Ask Diane Simon to tell you the worst injury she’s seen caused by texting while walking and she’ll say it was a broken neck.
“The person tripped over an obstacle on the sidewalk and then fell against a building, fracturing the vertebrae,” Simon says. “It took at least six months of rehab to heal. That was six months this trauma victim will never get back.”
Simon, RN, CEN, and Trauma Coordinator/Registrar for ProMedica Defiance Regional Hospital, says injuries from texting (and other activities involving phones) while walking are more common than those from texting while driving, though the latter are “more tragic because the injuries are more severe.”
In fact, Simon says she continues to see a “steady increase” in the number of texting-while-walking injuries, the most common of which are arm and leg fractures and head injuries. Most victims of texting-while-walking accidents, Simon says, are from ages 16-26 and female, which is “interesting because most trauma victims are actually male, except in this category.”
A study done by Safe Kids Worldwide seems to support Simon’s observation that there’s an increase in these types of injuries. Of the 1,040 teens from ages 13-18 interviewed to find out what they do on their phones while walking, many reported talking, browsing through websites, listening to music, and texting while crossing the street. Two in five teens reported to have been hit or nearly hit by a bike, car or motorcycle while walking and using electronic devices.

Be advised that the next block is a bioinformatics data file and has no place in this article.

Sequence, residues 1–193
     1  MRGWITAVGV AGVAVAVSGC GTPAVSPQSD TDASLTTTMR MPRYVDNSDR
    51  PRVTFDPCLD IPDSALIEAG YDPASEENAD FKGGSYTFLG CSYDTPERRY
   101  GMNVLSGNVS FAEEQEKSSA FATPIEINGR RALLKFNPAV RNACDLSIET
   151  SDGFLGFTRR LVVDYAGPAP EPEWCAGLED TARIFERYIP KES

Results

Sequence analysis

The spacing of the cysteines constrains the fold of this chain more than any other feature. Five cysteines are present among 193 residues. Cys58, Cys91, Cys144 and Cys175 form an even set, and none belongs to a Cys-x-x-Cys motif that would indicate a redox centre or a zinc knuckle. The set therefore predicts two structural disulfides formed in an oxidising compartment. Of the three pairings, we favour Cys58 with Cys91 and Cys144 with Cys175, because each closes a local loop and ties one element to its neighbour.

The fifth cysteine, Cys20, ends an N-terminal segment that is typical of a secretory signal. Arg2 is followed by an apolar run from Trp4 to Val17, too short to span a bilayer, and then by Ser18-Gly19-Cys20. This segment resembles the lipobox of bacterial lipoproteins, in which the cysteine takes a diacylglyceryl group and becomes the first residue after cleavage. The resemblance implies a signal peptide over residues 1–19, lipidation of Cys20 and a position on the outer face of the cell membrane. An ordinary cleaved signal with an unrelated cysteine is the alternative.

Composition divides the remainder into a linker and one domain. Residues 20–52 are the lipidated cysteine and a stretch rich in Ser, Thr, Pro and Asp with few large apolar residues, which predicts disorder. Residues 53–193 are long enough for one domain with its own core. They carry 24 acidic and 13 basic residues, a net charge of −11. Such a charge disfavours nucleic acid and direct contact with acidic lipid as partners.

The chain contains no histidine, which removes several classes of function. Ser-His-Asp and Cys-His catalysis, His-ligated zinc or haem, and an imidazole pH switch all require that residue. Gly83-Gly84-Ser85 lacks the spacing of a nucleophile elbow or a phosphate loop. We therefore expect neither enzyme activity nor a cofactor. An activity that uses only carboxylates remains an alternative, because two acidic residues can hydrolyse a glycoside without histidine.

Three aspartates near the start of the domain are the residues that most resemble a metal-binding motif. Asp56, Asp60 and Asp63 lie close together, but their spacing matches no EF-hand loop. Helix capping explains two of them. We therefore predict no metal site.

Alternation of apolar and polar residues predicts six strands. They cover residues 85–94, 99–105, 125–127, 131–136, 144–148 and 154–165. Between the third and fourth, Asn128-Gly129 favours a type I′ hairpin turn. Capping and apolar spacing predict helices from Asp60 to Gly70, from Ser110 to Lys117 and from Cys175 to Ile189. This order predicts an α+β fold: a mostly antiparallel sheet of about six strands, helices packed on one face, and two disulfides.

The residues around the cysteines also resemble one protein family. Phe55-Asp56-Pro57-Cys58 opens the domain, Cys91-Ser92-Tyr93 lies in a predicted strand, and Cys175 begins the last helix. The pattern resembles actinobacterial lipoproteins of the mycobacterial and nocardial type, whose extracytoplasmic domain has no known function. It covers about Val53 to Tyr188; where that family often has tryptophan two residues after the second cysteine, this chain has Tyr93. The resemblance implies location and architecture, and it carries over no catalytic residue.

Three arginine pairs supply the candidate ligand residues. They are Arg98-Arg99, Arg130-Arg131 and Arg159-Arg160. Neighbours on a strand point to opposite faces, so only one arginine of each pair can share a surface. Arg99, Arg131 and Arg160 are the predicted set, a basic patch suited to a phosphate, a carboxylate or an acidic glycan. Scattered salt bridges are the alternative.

Of course, parents often feel at a loss when it comes to communicating that using a phone while walking is dangerous. Simon says parents can, however, take a stand. “It can be effective to explain, educate and set priorities with children, adolescents and teens. Parents can communicate that the No. 1 priority is that their children get home safely. Parents can also ask their children to stop and stand in one place while reading text messages and while sending them.”
Simon would like everyone to simply refuse to text while walking. “It might be helpful for people to know that once you break a leg, an arm, your neck, it’s never quite the same. There’s a very good chance you will live with some kind of chronic pain.”
Does your teen text while walking? What do you do to prevent it?